Four of these studies found higher than expected rates of mental disorders in creative or eminent people (42,45–47), 1 found that mental disorder hindered creativity (43), and 1 had unclear findings (44). Methodologically, these studies shared several flaws: none used control or comparison groups, none identified or assessed subjects randomly or blindly, all were retrospective, only 1 used living subjects (42), and none used clearly reproducible measures of creativity.

Mental Illness in Creative People: Case-Control Studies

Four recent case-control studies assessed creative people using standardized or reproducible definitions of mental illness. First, in 1974, Andreasen and Canter assessed 15 Americans attending a writers’ workshop, compared with 15 “non-creative” controls, who were matched for socioeconomic status, age, and gender (48). They found evidence of lifetime (DSM) psychiatric diagnoses on unblinded interviews, mostly mood disorders and alcoholism, in significantly more writers than controls (73% versus 20%).

Using object sorting tests, Andreasen and Powers then compared the 15 writers with 32 patients who were hospitalized with either mania or schizophrenia (49). Writers were more like manic patients than schizophrenic patients, although differences were not significant.

In 1984 Andreasen expanded her sample to 30 writers who were compared, using unblinded interviews, with 30 “non-creative” controls matched for age, gender, socioeconomic status, and intelligence (50). Writers had significantly higher (DSM) lifetime prevalence rates than controls for all mood disorders (80% versus 30%), for bipolar disorder (43% versus 10%), and for alcoholism (30% versus 7%).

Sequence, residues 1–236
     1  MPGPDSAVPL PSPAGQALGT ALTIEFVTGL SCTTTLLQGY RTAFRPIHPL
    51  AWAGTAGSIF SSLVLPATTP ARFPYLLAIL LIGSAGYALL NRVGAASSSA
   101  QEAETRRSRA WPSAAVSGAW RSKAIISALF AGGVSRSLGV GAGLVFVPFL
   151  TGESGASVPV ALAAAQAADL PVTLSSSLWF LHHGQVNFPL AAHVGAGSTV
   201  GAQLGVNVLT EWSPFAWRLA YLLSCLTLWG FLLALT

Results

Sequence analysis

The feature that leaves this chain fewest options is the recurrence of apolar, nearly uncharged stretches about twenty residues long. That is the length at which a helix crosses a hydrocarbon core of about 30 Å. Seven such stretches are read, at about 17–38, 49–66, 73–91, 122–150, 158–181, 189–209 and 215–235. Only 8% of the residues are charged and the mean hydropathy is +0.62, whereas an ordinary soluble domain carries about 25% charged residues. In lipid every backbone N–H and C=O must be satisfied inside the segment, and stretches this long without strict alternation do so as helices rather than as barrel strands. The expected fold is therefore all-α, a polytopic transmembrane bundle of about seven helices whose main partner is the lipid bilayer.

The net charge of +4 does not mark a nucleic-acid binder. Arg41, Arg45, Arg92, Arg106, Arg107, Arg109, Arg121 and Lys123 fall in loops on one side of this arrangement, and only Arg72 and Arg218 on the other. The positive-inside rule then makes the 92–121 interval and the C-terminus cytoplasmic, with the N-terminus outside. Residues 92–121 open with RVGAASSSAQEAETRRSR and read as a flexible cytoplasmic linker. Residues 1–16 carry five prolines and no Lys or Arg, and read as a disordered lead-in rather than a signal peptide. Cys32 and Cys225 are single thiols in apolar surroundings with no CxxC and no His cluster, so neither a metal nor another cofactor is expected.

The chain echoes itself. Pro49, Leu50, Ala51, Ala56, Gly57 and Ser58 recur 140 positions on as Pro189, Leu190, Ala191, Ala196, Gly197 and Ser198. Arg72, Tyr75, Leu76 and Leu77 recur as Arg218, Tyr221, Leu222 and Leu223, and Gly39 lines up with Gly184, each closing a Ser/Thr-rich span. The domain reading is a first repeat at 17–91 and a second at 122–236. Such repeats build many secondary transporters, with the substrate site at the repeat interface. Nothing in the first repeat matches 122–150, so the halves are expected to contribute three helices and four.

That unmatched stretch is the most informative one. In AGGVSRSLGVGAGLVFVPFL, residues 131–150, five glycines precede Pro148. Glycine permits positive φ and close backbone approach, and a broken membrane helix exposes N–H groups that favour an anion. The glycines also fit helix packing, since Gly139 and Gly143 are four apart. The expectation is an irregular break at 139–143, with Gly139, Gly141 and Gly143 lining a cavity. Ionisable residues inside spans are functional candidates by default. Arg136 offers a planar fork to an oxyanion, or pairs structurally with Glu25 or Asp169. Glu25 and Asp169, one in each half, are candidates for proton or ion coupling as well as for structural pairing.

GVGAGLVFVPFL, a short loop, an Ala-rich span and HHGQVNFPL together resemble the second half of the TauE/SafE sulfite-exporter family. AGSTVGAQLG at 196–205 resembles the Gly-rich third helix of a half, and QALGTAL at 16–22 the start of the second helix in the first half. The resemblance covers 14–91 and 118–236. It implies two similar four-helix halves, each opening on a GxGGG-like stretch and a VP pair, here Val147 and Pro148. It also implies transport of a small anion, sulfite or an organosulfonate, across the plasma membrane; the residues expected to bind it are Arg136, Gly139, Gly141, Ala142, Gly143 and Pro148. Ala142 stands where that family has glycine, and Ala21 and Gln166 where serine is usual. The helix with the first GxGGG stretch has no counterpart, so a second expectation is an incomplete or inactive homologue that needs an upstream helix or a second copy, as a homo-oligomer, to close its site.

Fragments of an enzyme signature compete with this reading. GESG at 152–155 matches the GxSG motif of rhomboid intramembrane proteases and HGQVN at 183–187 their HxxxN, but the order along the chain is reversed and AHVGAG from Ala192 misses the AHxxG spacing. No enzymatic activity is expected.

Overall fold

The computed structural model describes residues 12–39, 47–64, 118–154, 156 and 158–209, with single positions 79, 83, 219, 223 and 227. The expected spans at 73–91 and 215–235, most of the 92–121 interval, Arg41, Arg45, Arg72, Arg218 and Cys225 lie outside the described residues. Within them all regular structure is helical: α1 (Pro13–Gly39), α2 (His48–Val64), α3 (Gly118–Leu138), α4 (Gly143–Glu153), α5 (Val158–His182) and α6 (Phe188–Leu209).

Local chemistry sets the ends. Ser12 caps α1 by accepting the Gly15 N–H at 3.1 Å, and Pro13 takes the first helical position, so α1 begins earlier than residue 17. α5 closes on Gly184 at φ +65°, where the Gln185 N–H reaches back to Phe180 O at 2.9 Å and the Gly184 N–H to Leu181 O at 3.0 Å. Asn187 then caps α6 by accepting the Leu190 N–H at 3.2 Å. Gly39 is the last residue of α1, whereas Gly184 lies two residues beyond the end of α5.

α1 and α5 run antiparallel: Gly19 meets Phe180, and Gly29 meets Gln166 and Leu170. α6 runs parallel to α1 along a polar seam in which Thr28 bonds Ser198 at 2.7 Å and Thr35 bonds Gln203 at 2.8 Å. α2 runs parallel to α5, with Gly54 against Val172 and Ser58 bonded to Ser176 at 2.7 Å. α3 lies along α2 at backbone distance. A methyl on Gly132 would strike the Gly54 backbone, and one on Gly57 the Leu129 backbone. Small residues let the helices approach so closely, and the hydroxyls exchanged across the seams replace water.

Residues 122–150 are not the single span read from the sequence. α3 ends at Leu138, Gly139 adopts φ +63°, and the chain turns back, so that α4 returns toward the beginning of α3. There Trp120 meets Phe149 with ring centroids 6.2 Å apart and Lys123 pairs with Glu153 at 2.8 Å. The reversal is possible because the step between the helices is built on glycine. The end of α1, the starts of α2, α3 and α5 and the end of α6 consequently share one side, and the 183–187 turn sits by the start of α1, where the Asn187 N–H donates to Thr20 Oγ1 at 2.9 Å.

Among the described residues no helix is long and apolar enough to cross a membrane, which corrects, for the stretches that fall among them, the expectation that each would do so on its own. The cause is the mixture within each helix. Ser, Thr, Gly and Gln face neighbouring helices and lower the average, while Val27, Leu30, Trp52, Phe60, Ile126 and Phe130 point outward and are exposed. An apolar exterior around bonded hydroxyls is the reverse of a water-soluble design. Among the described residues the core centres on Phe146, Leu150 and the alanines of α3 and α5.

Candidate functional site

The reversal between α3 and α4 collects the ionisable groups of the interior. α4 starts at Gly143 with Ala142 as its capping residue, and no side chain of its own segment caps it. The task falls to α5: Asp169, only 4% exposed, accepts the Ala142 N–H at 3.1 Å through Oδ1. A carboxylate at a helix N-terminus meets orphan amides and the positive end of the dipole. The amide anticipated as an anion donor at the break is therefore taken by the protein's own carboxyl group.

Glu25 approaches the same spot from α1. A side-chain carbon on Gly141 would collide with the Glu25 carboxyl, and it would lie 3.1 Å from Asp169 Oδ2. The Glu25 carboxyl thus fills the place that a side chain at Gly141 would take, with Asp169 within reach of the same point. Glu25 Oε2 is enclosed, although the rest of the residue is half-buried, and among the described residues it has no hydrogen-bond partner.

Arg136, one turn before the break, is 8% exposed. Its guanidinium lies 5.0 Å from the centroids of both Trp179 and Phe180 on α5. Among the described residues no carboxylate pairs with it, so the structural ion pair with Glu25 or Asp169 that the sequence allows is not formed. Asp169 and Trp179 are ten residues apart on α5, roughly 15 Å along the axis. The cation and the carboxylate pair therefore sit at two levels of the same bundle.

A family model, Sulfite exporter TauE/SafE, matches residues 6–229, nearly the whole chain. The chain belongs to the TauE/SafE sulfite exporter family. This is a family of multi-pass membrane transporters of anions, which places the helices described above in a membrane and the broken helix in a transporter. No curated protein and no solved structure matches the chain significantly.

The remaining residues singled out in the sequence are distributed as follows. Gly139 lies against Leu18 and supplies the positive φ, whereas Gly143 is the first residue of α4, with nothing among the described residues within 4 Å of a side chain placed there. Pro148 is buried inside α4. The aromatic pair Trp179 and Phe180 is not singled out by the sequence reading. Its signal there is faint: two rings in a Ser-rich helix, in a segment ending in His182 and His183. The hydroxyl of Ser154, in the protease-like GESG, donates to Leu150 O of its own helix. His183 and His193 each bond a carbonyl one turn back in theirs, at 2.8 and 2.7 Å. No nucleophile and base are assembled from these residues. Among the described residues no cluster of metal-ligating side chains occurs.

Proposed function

Finally, Ludwig assessed 59 writers and 59 matched controls using a “lifetime scale” to measure creativity in “everyday” accomplishments (51). Writers had a 56% lifetime prevalence of depression (versus 14% in controls) and higher creativity scores.

Three of these studies found significantly higher rates of mental disorders in creative subjects compared with controls (48,50,51), and 1 study had unclear findings (49). These studies, however, shared several methodological flaws: subjects and controls were not identified randomly or assessed blindly, all used retrospective data, and creativity was actually measured in only 1 of the studies (51). One study appeared to be a preliminary study (48) that was later incorporated into a larger study (50).

Creativity in Gifted and Mentally Ill People

One recent case-control study assessed creativity in both gifted people and psychiatric patients. In 1983 Rothenberg used timed word-association tests to measure creativity in 12 Nobel laureates compared with 18 patients, who were hospitalized with various psychiatric (DSM) diagnoses (52). He then compared both groups with 113 “high” and “low” creativity university students, who were sorted according to records of achievement in the arts and sciences.

Creativity scores were highest in Nobel laureates, followed in descending order by “high” and “low” creativity students, then psychiatric patients. Differences among the groups were statistically significant, suggesting to the author that mental illness was not associated with creativity, although mental health was not actually assessed in the Nobel and university groups.

Creativity in People With Mental Illness: Case Series

Two recent case series assessed creative accomplishments in people with mental illness. In 1983 Karlsson surveyed 171 000 Icelanders’ records and found higher than expected educational and creative achievement among people who had been hospitalized for psychosis but not among people who had been hospitalized for alcoholism (53). In 1988 Akiskal and Akiskal reported on 750 psychiatric patients: artistic creativity was more frequent with mild, bipolar mood disorders but less frequent with severe disorders (54). Both studies were retrospective, and neither used comparison groups or randomized or blinded assessments.